Tell The Why Straight Damn It
The New York Times had an article on Sunday about the ongoing fiscal crises and service cuts that are wiping out public services throughout the state, in large part due to past debts and pension costs. But the Times doesn’t tell the why straight. First of all, pension costs are much lower as a share of payroll in the rest of the state than in New York City, and the pension plans for the rest of the state are better funded. No one wants to talk about how much worse off NYC is. Second, in mentioning reasons the Times mentions the stock market decline of 2008 but not the bubble that preceded it, nor the retroactive pension enhancements. The Times doesn’t want to mention the retroactive enhancements because the older generations it cares about made out like, well, bandits, younger generations are being sacrificed, and that is what the Times favors. And the News and the Post, and the legislators and the Mayor and the Governor and the unions. Governments are not going broke because of low stock prices, because stock prices are not low. They are high, relative to dividends paid, and temporarily inflated by Fed policy.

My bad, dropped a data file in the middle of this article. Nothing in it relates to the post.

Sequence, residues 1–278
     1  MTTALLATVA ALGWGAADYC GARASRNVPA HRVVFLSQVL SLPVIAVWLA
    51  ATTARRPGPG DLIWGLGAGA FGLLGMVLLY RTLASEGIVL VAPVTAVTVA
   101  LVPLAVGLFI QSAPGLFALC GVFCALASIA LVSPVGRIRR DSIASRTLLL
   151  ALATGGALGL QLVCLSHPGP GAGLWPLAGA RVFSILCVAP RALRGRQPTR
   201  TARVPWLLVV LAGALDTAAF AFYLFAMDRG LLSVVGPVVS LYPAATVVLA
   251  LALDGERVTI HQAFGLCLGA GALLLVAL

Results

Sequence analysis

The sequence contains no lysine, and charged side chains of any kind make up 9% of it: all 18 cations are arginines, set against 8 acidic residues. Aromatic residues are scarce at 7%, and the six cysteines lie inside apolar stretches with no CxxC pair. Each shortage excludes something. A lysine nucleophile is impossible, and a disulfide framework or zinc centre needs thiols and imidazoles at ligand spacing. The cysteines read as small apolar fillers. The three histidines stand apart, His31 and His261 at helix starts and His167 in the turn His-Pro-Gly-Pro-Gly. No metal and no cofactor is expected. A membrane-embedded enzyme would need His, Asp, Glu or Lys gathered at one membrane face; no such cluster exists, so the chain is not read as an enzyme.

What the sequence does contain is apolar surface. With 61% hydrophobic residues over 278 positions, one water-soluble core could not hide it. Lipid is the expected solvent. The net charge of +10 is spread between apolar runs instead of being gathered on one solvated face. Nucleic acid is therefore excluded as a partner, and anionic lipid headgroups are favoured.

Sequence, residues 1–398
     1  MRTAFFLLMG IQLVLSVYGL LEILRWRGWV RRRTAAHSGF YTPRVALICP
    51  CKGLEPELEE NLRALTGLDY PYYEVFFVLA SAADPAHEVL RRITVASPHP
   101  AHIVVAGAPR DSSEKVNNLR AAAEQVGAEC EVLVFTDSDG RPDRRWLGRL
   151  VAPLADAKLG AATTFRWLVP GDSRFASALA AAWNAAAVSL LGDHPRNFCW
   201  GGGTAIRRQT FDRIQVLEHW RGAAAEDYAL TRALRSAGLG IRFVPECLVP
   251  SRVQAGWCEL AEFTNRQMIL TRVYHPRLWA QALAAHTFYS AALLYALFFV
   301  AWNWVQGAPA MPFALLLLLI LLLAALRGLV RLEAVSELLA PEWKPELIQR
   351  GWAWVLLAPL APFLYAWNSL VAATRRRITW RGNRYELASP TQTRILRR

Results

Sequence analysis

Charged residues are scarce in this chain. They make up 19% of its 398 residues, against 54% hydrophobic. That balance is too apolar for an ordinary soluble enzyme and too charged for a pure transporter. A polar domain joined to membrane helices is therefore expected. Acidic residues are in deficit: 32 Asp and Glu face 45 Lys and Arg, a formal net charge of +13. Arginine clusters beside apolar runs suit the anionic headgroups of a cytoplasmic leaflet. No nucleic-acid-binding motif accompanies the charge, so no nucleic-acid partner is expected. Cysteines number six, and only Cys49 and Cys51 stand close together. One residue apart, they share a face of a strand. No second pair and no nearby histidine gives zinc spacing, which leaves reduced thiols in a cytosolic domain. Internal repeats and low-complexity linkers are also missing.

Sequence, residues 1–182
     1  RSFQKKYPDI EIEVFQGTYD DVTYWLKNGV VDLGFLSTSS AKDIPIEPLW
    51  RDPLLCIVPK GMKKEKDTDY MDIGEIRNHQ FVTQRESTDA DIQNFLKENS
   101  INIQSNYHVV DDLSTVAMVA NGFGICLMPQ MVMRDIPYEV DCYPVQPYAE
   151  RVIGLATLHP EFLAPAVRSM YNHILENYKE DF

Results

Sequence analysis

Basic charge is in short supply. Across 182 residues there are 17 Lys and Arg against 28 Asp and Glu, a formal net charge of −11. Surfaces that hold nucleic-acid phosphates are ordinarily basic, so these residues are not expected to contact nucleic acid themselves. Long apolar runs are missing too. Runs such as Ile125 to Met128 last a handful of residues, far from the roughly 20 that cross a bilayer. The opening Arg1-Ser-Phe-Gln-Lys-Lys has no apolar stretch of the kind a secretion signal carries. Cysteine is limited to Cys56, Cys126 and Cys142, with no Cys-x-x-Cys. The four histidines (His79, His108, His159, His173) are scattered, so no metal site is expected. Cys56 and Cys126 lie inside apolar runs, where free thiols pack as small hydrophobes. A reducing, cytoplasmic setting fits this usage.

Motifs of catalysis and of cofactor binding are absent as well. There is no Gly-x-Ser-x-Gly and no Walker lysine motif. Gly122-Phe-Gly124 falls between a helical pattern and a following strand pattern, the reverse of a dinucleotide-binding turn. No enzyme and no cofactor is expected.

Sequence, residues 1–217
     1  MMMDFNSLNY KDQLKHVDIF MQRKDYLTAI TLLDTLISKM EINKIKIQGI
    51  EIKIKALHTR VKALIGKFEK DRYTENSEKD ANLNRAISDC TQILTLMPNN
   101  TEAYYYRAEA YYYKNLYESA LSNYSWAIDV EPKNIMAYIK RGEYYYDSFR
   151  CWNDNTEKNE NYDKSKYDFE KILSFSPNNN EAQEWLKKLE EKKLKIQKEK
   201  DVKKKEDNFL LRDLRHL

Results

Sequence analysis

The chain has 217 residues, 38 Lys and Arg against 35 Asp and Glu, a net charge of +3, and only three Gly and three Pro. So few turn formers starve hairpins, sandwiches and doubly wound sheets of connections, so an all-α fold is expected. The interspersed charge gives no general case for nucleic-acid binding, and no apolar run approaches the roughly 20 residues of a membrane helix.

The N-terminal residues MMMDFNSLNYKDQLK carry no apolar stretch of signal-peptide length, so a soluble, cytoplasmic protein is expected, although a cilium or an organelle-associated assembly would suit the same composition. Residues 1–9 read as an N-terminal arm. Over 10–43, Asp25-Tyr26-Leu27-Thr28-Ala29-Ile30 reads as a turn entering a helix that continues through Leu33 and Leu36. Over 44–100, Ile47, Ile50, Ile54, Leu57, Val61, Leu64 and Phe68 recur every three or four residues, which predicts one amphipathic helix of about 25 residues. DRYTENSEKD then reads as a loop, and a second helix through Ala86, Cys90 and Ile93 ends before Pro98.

“These municipalities will not recover when the economy recovers,” said Richard Brodsky, a former assemblyman who is advising Yonkers. “Everybody was complicit in this tsunami, and now it’s landing, but not in Washington or Albany,” he said. “It’s in places like Yonkers, where the choice is between school kids and safe streets.” Wrong. Everyone who was around you working the system in Albany was complicit. You were complicit. Wall Street was complicit. The one percent were complicit. The retired and soon to retire public employees were complicit. The unions were complicit. They made out. Others are victims, irrevocably. You did the deal Brodsky, and you benefitted. Celebrate, you have no right to commiserate! There is one thing we cannot tolerate, just cannot. We cannot tolerate the idea that it was a mistake. It might have been a mistake when their predecessors did it, in the 1960s, leading New York City public services to collapse in the 1970s. But this time, they knew exactly what they were doing. And by the way, slashing benefits for new public employees will not stop public services from being gutted. In fact, they’ll probably just end up being retroactively enhanced again, with not enough money having been set aside, by the next set of Brodskys.
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